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Texas’ Secretary of State is scrambling for legislative support to keep his job amid concerns over voting rights after a federal court settlement ended a controversial voter list purge aimed at non-citizen voters. The Express-News has more:
Secretary of State David Whitley is meeting privately with Democratic Senators this week as he tries to keep his job. But several Democrats say they still won’t vote to confirm Whitley, despite the settlement Monday of federal lawsuits that challenged Texas’ bungled attempt to purge up to 95,000 suspected noncitizens from the voter rolls.
“I don’t think that harm can be repaired,” said Sen. John Whitmire, D-Houston, one of the 12 Senate Democrats who have pledged to block Whitley’s confirmation. “It doesn’t change a thing.”
Whitley has been under fire since late January, when his office wrongly flagged tens-of-thousands of Texans as potential non-citizens to be removed from the state’s voter rolls.
Though he was nominated by Republican Gov. Greg Abbott in December, Whitley still needs sign-off from the 31-member state Senate. Without the support of two chamber Democrats, Whitley will likely lose his job at the end of the legislative session in May.
Some lawmakers have suggested that election reform legislation could boost Whitley’s case – but the numbers in Austin suggest such proposals would likely fail:
A few Democrats indicated they might reconsider their opposition if Whitley pledges to boost statewide election participation by allowing online voter registration or same-day voter registration. Under current laws, Texas voters must register a month before the election, the most strict deadline allowed by the federal government.
“That could be a game changer,” said Sen. José Menéndez, D-San Antonio. “That would show me there’s a desire to help people be engaged in the process.”
Both those proposals, however, would need Legislative approval. And neither has gained much traction in the Republican-controlled House or Senate this session.
Sen. Borris Miles, D-Houston, said Whitley didn’t mention same-day or online voter registration when they met for 30 minutes Monday.
“I made it very clear to him he needs 2 votes,” Miles said. “I can’t be one of them.”
Whitley is pledging cooperation with Democrats, who are still unhappy with the program that was aimed at non-citizens on the voter rolls but was widely criticized for poor data quality and a tendency to overestimate the numbers of illegal voters on the rolls:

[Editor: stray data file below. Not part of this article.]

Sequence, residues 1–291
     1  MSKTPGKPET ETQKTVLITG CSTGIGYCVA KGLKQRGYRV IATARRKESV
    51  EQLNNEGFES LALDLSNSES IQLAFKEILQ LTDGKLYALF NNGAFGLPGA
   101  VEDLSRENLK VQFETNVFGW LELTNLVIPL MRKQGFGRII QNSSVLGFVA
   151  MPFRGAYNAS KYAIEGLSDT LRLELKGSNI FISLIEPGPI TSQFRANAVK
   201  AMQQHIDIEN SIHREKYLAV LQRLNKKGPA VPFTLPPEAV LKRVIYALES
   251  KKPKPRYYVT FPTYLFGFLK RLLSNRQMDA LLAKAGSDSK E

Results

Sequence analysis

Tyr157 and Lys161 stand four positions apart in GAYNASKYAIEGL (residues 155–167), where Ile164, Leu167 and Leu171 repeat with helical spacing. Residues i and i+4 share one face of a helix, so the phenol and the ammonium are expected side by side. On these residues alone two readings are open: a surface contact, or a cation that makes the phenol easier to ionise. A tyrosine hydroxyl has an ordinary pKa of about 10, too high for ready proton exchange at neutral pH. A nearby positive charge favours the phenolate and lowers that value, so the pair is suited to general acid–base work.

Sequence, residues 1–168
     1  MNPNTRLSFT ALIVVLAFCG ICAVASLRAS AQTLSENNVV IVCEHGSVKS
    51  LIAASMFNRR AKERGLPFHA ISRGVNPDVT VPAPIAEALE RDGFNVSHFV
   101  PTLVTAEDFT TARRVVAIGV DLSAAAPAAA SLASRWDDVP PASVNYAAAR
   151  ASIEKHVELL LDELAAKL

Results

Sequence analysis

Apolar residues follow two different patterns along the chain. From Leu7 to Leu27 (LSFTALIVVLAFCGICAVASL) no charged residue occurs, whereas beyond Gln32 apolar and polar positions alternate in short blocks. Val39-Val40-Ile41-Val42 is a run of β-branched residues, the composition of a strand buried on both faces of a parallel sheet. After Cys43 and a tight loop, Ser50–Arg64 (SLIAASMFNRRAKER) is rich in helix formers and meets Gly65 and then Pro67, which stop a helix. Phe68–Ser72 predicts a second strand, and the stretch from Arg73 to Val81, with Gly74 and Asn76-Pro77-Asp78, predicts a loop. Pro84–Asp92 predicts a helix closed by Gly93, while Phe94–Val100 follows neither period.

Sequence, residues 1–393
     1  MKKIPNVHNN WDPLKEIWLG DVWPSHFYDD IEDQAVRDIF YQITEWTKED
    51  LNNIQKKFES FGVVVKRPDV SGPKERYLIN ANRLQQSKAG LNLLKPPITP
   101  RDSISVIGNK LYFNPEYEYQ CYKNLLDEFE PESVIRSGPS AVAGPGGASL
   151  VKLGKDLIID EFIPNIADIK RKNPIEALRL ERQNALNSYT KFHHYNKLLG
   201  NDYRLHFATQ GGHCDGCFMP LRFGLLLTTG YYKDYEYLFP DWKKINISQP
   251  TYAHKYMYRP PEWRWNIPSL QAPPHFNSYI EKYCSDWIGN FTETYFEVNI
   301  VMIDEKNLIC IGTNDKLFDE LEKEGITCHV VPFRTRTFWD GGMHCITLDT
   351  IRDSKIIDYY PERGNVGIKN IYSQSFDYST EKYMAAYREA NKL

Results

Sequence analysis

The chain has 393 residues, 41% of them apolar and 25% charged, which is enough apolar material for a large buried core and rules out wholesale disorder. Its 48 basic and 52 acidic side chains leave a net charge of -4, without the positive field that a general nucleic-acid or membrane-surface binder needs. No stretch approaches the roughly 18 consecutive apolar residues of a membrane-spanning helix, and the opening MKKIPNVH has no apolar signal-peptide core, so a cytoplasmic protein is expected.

In a statement, a spokesman said Whitley looks forward to meeting with the “Texas Senate Democratic Caucus to discuss the settlement agreement and voter registration list maintenance going forward.”
“He looks forward to addressing the concerns of the Caucus and receiving feedback on ways to enhance access to the ballot box in Texas,” Whitley’s spokesman Sam Taylor said in a statement.
The settlement calls on Whitley to rescind his office’s January advisory, which announced the purge to county elections administrators, and to advise them to take no further action on data files the office released in connection to that advisory.
Republican Gov. Greg Abbott didn’t respond to a request for comment, though he has defended Whitley and cast blame on the Texas Department of Public Safety for providing faulty citizenship data.
If Whitley isn’t confirmed. the battle likely shifts to a new nominee – who will still have to deal with fallout from the purge, including a Congressional investigation:
If Whitley isn’t confirmed, Abbott must nominate someone else to the post, though it’s not clear who that might be. In addition to overseeing elections, the secretary of state also keeps business records and is a liaison for the governor on Mexican and border affairs.
On Monday, more than 20 civil rights groups sent a letter to Texas Democrats urging them to continue blocking Whitley’s confirmation. “Public service is a privilege, not a right, and there are a number of other qualified people that the Governor can appoint to this position,” said the letter, without naming names.
Meanwhile, the Democrat-led U.S. House Oversight and Reform Committee is still pursuing an investigation into the attempted voter purge. On Monday, Chairman Elijah Cummings wrote a letter to state officials demanding they turn over documents the committee had requested earlier this month, including any correspondence with Abbott and the Trump administration. Texas Attorney General Ken Paxton has denied the records request.
It’s actually unusual for a chief state election official to get this kind of real-time pressure for actions in office; usually that only happens at the ballot box on Election Day. Texas, like many states, is deeply divided on election policy – and the Secretary of State could end up being the latest casualty.